Consider the context C, S1S2...Sn, and a literal L. The addition of a literal to a context, C+L, is defined by: C+L = S1S2...Sn{L}, iff G and Sn have different signs;

C+L = S1S2...(Sn {L}), otherwise. o

Definition 3.7 (C-formula)

A contextual formula (C-formula) is a pair C|F, where C is a context and F is a C-expression, i.e. resolvant, inductively defined as follows:

• An atom is a C-expression.

• If E is a C-expression then not(E)7 is also a C-expression.

• If E1 and E2 are C-expressions then (E1,E2) is a C-expression.

• nothing else is a C-expression.

An empty C-formula is the C-formula C|true. o

Now, we can define the already mentioned top-down derivation procedures. We begin with the simpler one, the WFM-derivation, the derivation procedure for computing whether a literal belongs to the WFM of a program.

Definition 3.8 (C-derivation)

Given a logic program let Rj = j|Fj;Ij> where Cj|Fj is a C-formula and Ij a set of literals in Lit(). A C-derivation is a sequence from i|Fi;Ii> to n|Fn;In> such that for any k|Fk;Ik>, i  k  n, some derivation rules apply. o

Definition 3.9 (WFM-derivation)

There is a WFM-derivation for G in iff there is a C-derivation using the rules below from <|G;> to true;I> for some C and I; the literals in I also belong to the WFM8. When applying the following rules we assume Ck+1 = Ck and Ik+1 = Ik, unless stated otherwise.

Rules for negative C-expressions:

D1.1 If Fk=not G, and there is no rule G B in ground() then

Rk+1 = k+Fk|true;Ik Fk}>.

D1.2 If Fk=not G, not G Ck, and G  Ik, then Fk+1 = true.

D1.3 If Fk=not (not G) then Rk+1 = k|G;Ik>.

D2.1 If Fk=not G, not G Ck, G  Ik, and there are r rules in ground()

G1 B11, ..., Bm1


Gr B1r, ..., Bm'r

with Gi as head, 1  i  r, then

Rk+1 = k+Fk|~G1,...,~Gr;Ik Fk}>

where each ~Gi is shorthand for not(B1i, ..., Bmi).

D2.2 If Fk = not(G1,...,Gm), then Rk+1 = k|not Gi;Ik> for some 1  i  m.

Rules for non negative C-expressions:

D3.1 If Fk = G, where G is an atom, G Ck, and not G  Ik, then for some rule G  B1,...,Bm  ground(), Rk+1 = k+Fk#(B1,...,Bm);Ik Fk}>.

D4.1 Fk = (g,G) then Rk+1 = k|G;Igk >

if there is a derivation from k|g;Ik > to gk >. o

In [Pereira et al., 1991a] it is proved that G WFM() iff there is a WFM-derivation for G in , that is, showing the soundness and completeness of this derivation procedure.

The other derivation procedure, for XSMS, reported in the same paper, succeeds iff a literal G is in some XSM of 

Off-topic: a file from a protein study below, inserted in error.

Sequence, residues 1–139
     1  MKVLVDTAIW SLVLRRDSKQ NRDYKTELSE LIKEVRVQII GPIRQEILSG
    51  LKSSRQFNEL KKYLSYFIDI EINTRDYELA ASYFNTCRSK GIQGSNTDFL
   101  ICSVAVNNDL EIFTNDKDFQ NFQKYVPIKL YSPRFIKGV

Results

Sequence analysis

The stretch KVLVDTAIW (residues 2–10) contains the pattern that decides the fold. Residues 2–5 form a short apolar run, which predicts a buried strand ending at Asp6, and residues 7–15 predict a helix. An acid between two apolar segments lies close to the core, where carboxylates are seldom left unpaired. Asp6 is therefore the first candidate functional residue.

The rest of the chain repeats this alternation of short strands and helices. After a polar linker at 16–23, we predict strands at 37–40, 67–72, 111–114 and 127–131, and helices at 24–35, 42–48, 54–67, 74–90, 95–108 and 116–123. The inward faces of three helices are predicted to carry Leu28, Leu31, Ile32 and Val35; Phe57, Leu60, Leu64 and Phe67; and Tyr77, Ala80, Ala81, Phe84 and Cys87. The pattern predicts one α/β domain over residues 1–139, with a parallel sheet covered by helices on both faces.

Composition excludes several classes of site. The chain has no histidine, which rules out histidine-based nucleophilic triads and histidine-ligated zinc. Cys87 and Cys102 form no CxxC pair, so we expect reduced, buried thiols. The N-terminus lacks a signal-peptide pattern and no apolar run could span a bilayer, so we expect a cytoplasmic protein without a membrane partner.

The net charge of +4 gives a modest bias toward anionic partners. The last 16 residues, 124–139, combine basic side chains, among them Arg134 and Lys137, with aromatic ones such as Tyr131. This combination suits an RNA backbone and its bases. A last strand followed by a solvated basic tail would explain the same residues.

Definition 3.10 (XSM-derivation)

There is a XSM-derivation for G in iff there is a sequence from <|G;> to for some C and I. The rules to generate this sequence are obtained from the WFM-derivation rules by adding a new rule, D3.2, and changing rule D1.2 to D'1.2.
D'1.2 If Fk=not G, G  Ik and for some i, Fk iCk, 1  i  |Ck| then Fk+1 = true.

D3.2 If Fk = G, where G is an atom, not G  Ik and for some i, G iCk, 1  i  |Ck| then Fk+1 = true. o

We are now in a position to define our meta-interpreters for WFM and XSM with embedded sidetracking. We need only to specify the six predicates initial_Cx, add_to_Cx, initial_Int, add_to_Int, pruning and rule.

As the reader may have noticed, there is a direct correspondence between the context Cj, and interpretation Ij, appearing in the definition of Rj for a WFM-derivation and a XSM-derivation, and the Cx and I arguments of the sidetracking meta-interpreter. The data structure we use to represent a context is a list of lists. An interpretation Ij is simply a list. Their initial values are defined by the clauses:

initial_Cx( [[]] ).


The predicate add_to_Cx performs, as expected, the addition of a goal to a context. It is a direct translation of definition 3.6 into Prolog:

add_to_Cx(G,[[]],[[G]]) :- !.

add_to_Cx(G,[[L|RI]|Others], [[G,L|RI]|Others]) :- same_sign(G, [L|RI]), !.

add_to_Cx(G,Cx, [[G]|Cx] ).

% same_sign decides whether a literal has the same sign of an
% interpretation of a context

same_sign(not _,[not _|_]) :- !.

same_sign(G,[C|_]) :- not functor(G, not, 1), not functor(C, not, 1).

The addition of a goal G to an interpretation I is just the fronting of G to I:

add_to_Int( G, I, [G|I] ).

The sidetracking schema meta-interpreter defines rule as a goal rewriting predicate. This rewriting operation is performed, once some preconditions are verified, in rules D1.1, D1.3, D2.2, D3.1 and D4.1 of both derivation procedures. The implementation of the required rewriting is:

% D1.1, D1.3, D2.1 and D2.2

rule(not G,B) :- !, clause_neg(G,B).

rule(G,B) :- clause(G,B). % D3.1

% D1.1, D1.3, D2.1 and D2.2

clause_neg(G,Body) :- findall(B, clause(G,B) , L), one_from_each(L,Body).

% i.e. constructs all possible "bodies" with a literal from each

% clause

one_from_each([B],CSB) :- !, member_conj(SB,B), compl(SB,CSB).

one_from_each([B|T],(CSB,ST)) :-

!, member_conj(SB,B), compl(SB,CSB), one_from_each(T,ST).

one_from_each([],true). % D1.1

% Selects, in turn, each literal from a clause


member_conj(A,(_,B)) :- !, member_conj(A,B).


% Rule D1.3

compl(not G,G) :- !.

compl(G,not G).

Notes: The process of expanding a negative C-expression (predicate clause_neg) is guided by rules D2.1 and D2.2. The rewriting of a non-negative C-expression by the second clause of rule above is obvious and corresponds to the application of rule D3.1. The expansion of a conjunction of C-expressions, rule D4.1, is already contemplated in the sidetracker.

After the definition of the rewriting rules we must now ensure that their preconditions are satisfied, this and the implementation of the remaining rules is achieved with the pruning predicate.